I read a similar question that was solved by using the fact that $|\sin(x)| \leq |x|$, but I tried a different approach, as I struggle with utilizing inequalities to solve limits of this kind. Please note that my textbook did not ask for the limit to be solved without using inequalities.

I attempted to prove this result by first switching to polar coordinates, then applying Hopital's rule as follows:

$$\lim_{(x,y) \to (0,0)} \frac{\sin^2 xy}{x^2 + y^2}=\lim_{\rho \to 0} \frac{\sin^2 (\rho^2\sin(\theta)\cos(\theta))}{\rho^2}$$

Now I use cosine duplication formula to rewrite $\sin^2(t)$

$$\lim_{\rho \to 0} \frac{\sin^2 (\rho^2\sin(\theta)\cos(\theta))}{\rho^2}=\lim_{\rho \to 0} \biggl(\frac{1}{2}\biggr)\frac{1-\cos(2\rho^2\sin(\theta)\cos(\theta)}{\rho^2}$$

and now I apply Hopital's rule

$$\lim_{\rho \to 0} \biggl(\frac{1}{2}\biggr)\frac{4\rho\sin(\theta)\cos(\theta)\sin(2\rho^2\sin(\theta)\cos(\theta))}{2\rho}=\lim_{\rho \to 0} \sin(\theta)\cos(\theta)\sin(2\rho^2\sin(\theta)\cos(\theta))$$

Now if I'm understanding this correctly, because the argument of the second sine function goes to zero, the result is proven.

Have I made any mistakes? Was there a faster or more intuitive approach to solving this problem without using inequalities?

  • 1
    $\begingroup$ Why do you want to use the duplication formula instead of performing directly the derivative on $\sin^2$? Anyway your result is correct, but let me say that every time you have the argument of a sin which tends to 0, the first approach is to write the first order approximation $\sin u = O(u)$. I don't know if this is what you call inequality, but once you're able to use it "naturally", it makes everything much easier. $\endgroup$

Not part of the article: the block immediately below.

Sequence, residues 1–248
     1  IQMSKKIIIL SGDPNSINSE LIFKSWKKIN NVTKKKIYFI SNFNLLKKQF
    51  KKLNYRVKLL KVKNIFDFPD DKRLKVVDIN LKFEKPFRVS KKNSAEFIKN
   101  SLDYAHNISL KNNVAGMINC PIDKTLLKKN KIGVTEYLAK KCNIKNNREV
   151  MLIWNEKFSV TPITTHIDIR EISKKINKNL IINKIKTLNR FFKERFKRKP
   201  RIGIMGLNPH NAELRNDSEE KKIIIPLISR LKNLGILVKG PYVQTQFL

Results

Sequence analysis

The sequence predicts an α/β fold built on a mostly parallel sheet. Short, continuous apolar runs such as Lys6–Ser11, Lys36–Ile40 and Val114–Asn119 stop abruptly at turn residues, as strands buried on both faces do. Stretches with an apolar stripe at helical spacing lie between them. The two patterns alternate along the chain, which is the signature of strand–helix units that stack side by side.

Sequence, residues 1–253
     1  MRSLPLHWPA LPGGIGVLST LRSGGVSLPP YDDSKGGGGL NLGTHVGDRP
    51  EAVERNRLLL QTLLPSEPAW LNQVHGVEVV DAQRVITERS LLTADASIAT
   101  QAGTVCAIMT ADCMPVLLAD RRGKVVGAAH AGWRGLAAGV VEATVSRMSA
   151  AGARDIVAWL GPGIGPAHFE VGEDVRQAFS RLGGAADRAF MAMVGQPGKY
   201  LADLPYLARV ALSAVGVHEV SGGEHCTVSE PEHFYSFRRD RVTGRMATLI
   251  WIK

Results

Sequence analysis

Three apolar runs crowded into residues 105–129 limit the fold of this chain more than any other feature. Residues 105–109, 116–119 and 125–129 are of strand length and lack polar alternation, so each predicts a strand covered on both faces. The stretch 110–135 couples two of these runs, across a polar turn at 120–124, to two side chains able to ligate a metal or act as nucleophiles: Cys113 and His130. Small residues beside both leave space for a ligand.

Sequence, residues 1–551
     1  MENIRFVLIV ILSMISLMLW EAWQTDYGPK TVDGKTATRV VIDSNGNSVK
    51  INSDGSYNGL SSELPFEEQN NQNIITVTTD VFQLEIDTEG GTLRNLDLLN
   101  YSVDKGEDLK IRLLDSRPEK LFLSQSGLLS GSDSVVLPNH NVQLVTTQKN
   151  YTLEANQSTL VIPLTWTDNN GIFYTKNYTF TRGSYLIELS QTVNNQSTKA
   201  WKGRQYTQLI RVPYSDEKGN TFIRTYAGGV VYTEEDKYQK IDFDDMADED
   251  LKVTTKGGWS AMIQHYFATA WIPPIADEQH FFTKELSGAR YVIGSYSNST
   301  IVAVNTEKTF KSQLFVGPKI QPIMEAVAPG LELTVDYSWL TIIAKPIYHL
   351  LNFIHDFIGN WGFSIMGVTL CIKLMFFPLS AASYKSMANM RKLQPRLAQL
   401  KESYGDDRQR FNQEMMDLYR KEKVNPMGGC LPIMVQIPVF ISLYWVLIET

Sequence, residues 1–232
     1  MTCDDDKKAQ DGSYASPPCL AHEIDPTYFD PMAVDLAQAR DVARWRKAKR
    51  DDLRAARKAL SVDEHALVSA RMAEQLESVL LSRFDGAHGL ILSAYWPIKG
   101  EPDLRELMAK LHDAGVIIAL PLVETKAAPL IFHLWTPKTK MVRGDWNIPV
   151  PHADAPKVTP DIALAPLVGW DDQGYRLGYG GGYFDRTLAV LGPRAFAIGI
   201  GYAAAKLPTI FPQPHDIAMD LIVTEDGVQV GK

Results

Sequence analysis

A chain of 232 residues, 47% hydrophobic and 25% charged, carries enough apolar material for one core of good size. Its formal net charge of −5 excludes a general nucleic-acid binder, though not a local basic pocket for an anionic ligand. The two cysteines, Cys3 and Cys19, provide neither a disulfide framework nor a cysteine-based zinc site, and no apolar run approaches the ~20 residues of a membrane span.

– ECL
    Commented Jun 2, 2020 at 10:24
  • $\begingroup$ Thanks! I didn't directly derive $\sin^2$ because I'm a bit rusty on my calc, and using duplication formula makes integrating $\sin^2$ much easier, so my brain went straight for that. Thank you for pointing it out though! Following up on your big-o observation: what you are saying is that I could have just written $\sin(\theta)\cos(\theta)\sin^2(\rho^2\sin(\theta)\cos(\theta)) \sim \rho^2\sin^2(\theta)\cos^2(\theta)$ ? $\endgroup$
    – Jack
    Commented Jun 2, 2020 at 10:48
  • $\begingroup$ "without using inequalities" are you aware that the definition of limit in calculus necessitate the use of inequalities? So all the mathematical expressions written in your post heavily use inequalities. $\endgroup$
    – Surb
    Commented Jun 2, 2020 at 12:52
  • $\begingroup$ @Surb I am, I wrote "without using inequalities" for lack of a better term. What I actually meant is "without defining a function that is greater or equal to the given function and prove that that function has the same limit we are trying to prove". In other words, without using a "squeeze theorem" approach $\endgroup$
    – Jack
    Commented Jun 2, 2020 at 13:16
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    $\begingroup$ I meant $\sin(xy)\simeq xy$, i.e. $\sin^2(xy)\simeq x^2 y^2$, which then you can write in polar coordinates if you want. $\endgroup$
    – ECL
    Commented Jun 2, 2020 at 13:24

1 Answer 1


Another way

First rewrite the expression: $$ \frac{\sin^2 xy}{x^2 + y^2} = \left( \frac{\sin xy}{xy} \right)^2 \frac{x^2y^2}{x^2+y^2} $$

Here the first factor tends to $1$ since $\frac{\sin t}{t} \to 1$ as $t \to 0$ and $xy \to 0$ as $(x,y) \to (0,0).$

For the second factor we use polar coordinates: $$ \frac{x^2y^2}{x^2+y^2} = \frac{\rho^4 \cos^2\theta \sin^2\theta}{\rho^2} = \rho^2 \cos^2\theta \sin^2\theta \to 0 $$ as $\rho \to 0$ which is the case when $(x,y) \to (0,0).$

Thus, $$ \frac{\sin^2 xy}{x^2 + y^2} \to 1^2 \cdot 0 = 0. $$

  • $\begingroup$ Thank you! I really like the way you solved it $\endgroup$
    – Jack
    Commented Jun 2, 2020 at 13:17

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